Thursday 23rd of September 2021

the G7 is dead, isn't it?...


A viral photo of Angela Merkel and other world leaders standing over a seated Donald Trump at Friday’s G7 summit has been given the meme treatment on social media, with Twitter users quick to liken the image to everything from renaissance art to a scene from the Apprentice.

The G7 summit, which brought together world leaders from Germany, Japan, Canada, the US, Italy, France and the UK, was held in Charlevoix, Quebec, in Canada, over the weekend. This year’s summit had a particular focus on trade.

However, the enduring image from the summit was one in which divisions between the group were clear. The German chancellor’s office posted the striking picture to Instagram on Saturday with the caption: “Day two of the G7 summit in Canada: spontaneous meeting between two working sessions.”

The photograph, which was taken by the German cabinet’s official photographer Jesco Denze, was quickly singled out for its uncanny resemblance to a classical painting.


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Picture at top, Gus Rembrandt's version...

trump a petulant bully who has lost his toys...

The United States and Canada have swung sharply towards a diplomatic and trade crisis as top White House advisers lashed out at Canadian Prime Minister Justin Trudeau a day after US President Donald Trump called him "very dishonest and weak".

Key points:
  • Donald Trump announced on Twitter that he was backing out of the joint communique
  • Mr Trump said he might double down on import tariffs by hitting the sensitive auto industry
  • Larry Kudlow accused Justin Trudeau of betraying Mr Trump with "polarising" statements on trade policy


The spat drew in Germany and France, who sharply criticised Mr Trump's decision to abruptly withdraw his support for a Group of Seven communique hammered out at a Canadian summit on Saturday (local time), accusing him of destroying trust and acting inconsistently.


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German Chancellor Angela Merkel has lambasted the US President Donald Trump’s decision to renege on the G7 joint statement. She also said that Europe will not let itself be "deceived" again.

Merkel described Trump’s decision to withdraw his approval of the joint communique following the G7 summit in Canada as a “sobering experience.” She also praised the joint statement itself as a “laboriously negotiated” document. “The withdrawal by tweet is, of course, sobering and a bit depressing as well,” she told Germany's Anne Will talk show on Sunday evening.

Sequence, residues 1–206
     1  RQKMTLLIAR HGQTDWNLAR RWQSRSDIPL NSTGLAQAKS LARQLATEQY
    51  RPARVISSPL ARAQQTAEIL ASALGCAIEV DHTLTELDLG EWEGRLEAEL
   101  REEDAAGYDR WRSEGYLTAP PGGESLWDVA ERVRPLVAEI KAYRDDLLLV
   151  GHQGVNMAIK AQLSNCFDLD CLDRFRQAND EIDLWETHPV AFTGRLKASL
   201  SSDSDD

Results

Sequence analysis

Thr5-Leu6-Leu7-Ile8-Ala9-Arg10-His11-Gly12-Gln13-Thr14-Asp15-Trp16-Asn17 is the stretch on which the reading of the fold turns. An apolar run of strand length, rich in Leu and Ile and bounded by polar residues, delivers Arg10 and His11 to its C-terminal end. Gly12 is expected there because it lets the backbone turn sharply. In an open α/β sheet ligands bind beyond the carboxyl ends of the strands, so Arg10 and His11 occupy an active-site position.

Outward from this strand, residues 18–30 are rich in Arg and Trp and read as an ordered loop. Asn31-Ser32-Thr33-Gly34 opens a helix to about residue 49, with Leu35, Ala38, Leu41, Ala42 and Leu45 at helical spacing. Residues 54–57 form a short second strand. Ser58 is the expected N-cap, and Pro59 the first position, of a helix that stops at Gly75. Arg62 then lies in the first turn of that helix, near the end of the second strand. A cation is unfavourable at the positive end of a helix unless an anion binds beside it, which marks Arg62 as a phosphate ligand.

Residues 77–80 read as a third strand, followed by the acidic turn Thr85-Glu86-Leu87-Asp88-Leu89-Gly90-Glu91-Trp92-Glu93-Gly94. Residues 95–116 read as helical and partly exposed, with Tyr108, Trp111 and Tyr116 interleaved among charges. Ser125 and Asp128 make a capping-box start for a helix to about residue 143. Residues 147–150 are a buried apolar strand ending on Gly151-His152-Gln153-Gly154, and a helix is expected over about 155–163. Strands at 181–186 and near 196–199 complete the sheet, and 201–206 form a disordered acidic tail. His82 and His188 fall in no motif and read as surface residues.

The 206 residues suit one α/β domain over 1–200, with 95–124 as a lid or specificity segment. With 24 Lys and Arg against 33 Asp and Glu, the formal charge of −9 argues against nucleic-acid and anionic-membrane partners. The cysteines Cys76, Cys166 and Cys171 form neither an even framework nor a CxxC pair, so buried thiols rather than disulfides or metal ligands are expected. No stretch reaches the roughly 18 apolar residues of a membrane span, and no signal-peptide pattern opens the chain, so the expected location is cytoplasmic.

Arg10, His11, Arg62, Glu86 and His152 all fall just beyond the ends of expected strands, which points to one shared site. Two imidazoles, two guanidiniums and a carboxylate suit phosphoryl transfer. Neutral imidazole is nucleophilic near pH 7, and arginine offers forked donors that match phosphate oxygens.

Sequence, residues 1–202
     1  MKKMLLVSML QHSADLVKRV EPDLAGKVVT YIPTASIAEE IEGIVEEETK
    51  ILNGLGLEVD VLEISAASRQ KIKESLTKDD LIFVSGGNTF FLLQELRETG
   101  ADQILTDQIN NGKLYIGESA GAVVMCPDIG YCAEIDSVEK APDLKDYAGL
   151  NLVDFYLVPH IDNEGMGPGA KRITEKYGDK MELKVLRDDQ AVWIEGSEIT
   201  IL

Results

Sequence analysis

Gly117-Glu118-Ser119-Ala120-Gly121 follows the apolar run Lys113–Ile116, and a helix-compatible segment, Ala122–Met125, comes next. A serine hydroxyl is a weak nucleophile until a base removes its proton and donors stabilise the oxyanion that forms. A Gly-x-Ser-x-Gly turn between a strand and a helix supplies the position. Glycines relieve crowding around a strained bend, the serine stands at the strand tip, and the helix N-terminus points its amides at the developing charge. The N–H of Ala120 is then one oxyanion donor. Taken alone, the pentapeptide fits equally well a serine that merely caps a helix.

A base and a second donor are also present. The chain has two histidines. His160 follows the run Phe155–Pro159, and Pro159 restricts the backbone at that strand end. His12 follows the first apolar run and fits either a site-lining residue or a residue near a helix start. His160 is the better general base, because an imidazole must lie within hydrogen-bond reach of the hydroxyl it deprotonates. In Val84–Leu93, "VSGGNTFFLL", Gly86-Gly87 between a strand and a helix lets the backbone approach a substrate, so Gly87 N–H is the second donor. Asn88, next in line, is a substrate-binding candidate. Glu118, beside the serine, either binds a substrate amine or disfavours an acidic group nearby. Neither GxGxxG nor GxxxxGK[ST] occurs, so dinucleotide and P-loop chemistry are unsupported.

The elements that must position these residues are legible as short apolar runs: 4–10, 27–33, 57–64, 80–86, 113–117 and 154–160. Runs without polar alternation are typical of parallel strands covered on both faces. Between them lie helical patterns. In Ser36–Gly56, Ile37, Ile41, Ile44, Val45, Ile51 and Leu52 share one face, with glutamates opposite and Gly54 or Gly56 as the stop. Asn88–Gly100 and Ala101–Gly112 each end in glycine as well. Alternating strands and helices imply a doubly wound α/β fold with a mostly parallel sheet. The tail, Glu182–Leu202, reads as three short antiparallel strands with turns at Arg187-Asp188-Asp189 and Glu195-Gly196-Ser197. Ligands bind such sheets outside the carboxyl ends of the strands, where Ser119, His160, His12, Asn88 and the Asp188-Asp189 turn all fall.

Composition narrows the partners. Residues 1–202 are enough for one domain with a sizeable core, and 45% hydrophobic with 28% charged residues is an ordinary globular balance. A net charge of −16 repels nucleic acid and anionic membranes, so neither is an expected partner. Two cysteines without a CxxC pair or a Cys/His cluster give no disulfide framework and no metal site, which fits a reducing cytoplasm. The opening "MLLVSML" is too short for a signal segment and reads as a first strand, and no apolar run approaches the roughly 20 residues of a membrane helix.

“I don’t think that inflammatory language makes things better. Sometimes it seems that the American president thinks that only one side wins and everyone else loses,” Merkel said, apparently speaking about Trump’s verbal attacks against Canadian Prime Minister Justin Trudeau. She also praised Trudeau by saying that she is glad that he is “on the EU’s side.”


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same shit as before, minus the nice wrapping...

The demise of the West. The end of the postwar world order. The beginning of a new era. There are lots of dramatic claims making the rounds to describe what exactly U.S. President Donald Trump is currently up to. And all of them are both correct and incorrect at the same time.

The debacle at the G-7 clearly shows that the real problem with Donald Trump's policies is Donald Trump himself. There is no rhyme or reason to his actions aside from the desire -- the need -- to be the best, the most important, the biggest. The collapse of the West and the destruction of alliances that have held up for decades are merely the side effects of this unprecedented ego trip.

At the G-7 summit, Trump treated America's oldest friends as though they were enemies. At the same time, he fawns over Russian President Vladimir Putin and calls dictators such as North Korea's Kim Jong Un "very honorable." He sees the reflection of himself in such men. He does what he wants. Agreements with partners, the rules of the international order: None of that holds water with Trump.

Trump wants complete control and can't stand being contradicted. He always has to have the first word and the last. Indeed, it was far from surprising that he sought to impose his own agenda (the trade conflict and Russia) on the summit. The tweet he sent from his plane out of Canada, in which he revoked his support for the summit statement, was merely a logical result of his egomania. It's always just me, me, me.

Trump's crude view of the world, his image of an America that has allegedly been exploited and fleeced for years, follows from this conceit. Because Trump thinks he is the greatest and relies only on his gut feelings, he is immune to rational arguments. He only considers his own instincts and thoughts to the exclusion of all else, even though they are based on a lack of knowledge and prejudice.


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When will the Europeans wake up to the fact the USA has been playing them for fools since after WWII?...


What Trump is serving for dinner, is the same shit as before, minus the nice wrapping... It's quite interesting to see the story of Roland Garros and his meeting with de Gaulle... De Gaulle rejected the Yanks because he knew they were duplicitous and ill-intended. Nothing has changed except for many years, the smelly picture was hidden in gift-wrapped tinsel that contained shit. Remember the subprime event that led to the GFC? If this was not planned to ruin Europe deliberately, it did the job anyway. Remember the bombing of some countries like Libya and Syria? All these have led to a "refugee" crisis in Europe. If this was not planned to ruin Europe or make it divide and sweat, it did the job very well nonetheless of belittling Europe.